I'm not a lawyer, but I can tell you this much: whether it's a complete reproduction, or a partial one, doesn't matter for copyright law. If I post the first 10 minutes of a movie online, I'll still be in violation, even if I argue "it's not complete, people will still have to buy the movie to see the ending".

    The aftermarket part you bring up doesn't apply. Cars are for the most part not covered under copyright law, but trademark and patent law: a seller of aftermarket parts is not allowed to use the car brand's logo without a license (trademark), and if technology in the original part is covered by patents, the aftermarket part seller must find a way of achieving the same result without using that particular technology. An example of this would be the round "spyderhole" used on Spyderco knives to assist in one-hand opening. They patented this particular "technology", and other brands that want to make one-handers will have to resort to other methods. Such as thumb studs, or differently shaped holes (e.g. oval, which is more costly to manufacture than round).

    Not dissing your work, btw. I think it's great, and I'm glad you decided to share it. Obviously, I've already collected the designs on Thingiverse. ;)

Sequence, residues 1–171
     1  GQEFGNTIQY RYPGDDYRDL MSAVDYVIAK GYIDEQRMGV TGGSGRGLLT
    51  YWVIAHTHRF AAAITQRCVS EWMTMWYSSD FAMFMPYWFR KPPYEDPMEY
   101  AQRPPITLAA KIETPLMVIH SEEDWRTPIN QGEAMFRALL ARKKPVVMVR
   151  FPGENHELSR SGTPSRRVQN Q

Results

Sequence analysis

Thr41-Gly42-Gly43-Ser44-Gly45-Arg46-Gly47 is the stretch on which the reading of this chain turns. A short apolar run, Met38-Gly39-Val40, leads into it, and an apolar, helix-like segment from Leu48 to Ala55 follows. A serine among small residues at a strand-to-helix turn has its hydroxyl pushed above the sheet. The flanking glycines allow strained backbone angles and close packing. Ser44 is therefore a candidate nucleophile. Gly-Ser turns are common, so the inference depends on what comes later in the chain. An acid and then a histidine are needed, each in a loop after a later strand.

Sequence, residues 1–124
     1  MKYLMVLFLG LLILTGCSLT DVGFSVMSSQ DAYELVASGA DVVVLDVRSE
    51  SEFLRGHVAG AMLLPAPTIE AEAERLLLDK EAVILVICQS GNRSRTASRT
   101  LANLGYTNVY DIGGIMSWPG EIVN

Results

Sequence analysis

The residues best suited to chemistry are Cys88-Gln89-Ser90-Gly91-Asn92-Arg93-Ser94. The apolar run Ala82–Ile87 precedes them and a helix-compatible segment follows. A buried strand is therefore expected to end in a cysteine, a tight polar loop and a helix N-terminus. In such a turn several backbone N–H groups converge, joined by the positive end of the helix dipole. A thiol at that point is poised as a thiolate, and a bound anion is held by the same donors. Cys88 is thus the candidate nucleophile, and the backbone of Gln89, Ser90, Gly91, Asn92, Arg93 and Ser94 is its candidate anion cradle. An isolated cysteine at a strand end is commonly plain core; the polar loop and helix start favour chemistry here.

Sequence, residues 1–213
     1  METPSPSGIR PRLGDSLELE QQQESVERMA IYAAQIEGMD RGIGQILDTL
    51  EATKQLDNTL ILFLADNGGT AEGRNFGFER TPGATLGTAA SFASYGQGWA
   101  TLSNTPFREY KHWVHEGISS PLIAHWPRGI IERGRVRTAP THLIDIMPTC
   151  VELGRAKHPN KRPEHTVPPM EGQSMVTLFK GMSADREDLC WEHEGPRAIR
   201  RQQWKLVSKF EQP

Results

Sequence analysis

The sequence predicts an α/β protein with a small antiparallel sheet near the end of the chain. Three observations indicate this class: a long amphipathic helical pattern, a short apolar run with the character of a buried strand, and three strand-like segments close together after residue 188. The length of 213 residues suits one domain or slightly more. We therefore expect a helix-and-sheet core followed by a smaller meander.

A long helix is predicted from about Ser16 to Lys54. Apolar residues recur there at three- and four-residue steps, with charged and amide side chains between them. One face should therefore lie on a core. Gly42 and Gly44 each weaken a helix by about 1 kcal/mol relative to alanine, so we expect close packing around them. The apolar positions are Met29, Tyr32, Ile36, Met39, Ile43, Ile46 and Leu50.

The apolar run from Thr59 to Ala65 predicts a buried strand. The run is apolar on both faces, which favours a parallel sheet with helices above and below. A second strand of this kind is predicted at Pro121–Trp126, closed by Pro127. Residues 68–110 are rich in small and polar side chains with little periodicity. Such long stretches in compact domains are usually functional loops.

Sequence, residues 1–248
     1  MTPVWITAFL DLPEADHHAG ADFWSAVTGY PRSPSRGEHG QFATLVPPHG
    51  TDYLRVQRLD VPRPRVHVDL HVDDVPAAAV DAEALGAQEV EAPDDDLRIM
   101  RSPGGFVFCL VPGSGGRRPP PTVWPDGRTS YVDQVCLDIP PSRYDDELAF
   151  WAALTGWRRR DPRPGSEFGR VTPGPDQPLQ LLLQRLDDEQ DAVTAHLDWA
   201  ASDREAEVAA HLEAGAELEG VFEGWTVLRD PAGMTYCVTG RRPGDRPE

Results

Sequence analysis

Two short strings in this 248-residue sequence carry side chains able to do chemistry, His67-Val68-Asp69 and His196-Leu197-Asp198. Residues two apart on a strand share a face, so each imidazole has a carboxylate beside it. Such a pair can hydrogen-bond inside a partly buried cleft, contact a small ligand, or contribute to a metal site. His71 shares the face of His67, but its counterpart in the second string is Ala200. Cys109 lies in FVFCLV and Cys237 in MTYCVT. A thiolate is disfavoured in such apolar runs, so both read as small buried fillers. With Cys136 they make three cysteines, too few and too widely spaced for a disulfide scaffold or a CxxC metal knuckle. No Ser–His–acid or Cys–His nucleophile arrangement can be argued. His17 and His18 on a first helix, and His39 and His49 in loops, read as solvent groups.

While this is probably violating their intellectual property, IP holders usually don't go after the enthusiastic fanbase for passion projects such as yours. But the moment you start earning money from it, no matter how little, they start seeing things very differently.

    That said, if there are actual IP lawyers reading these comments, feel free to chime in and correct me if I'm wrong about any of this.

    0
    IJustLikeMakingThings
    IJustLikeMakingThings

    Reply 11 months ago

    Oh, I didn't think you were dissing my work, I was just curious about what the laws actually say.

    I did some more looking and here is what I found if you are curious. This only applies to US copyright so it may be different depending on where you are.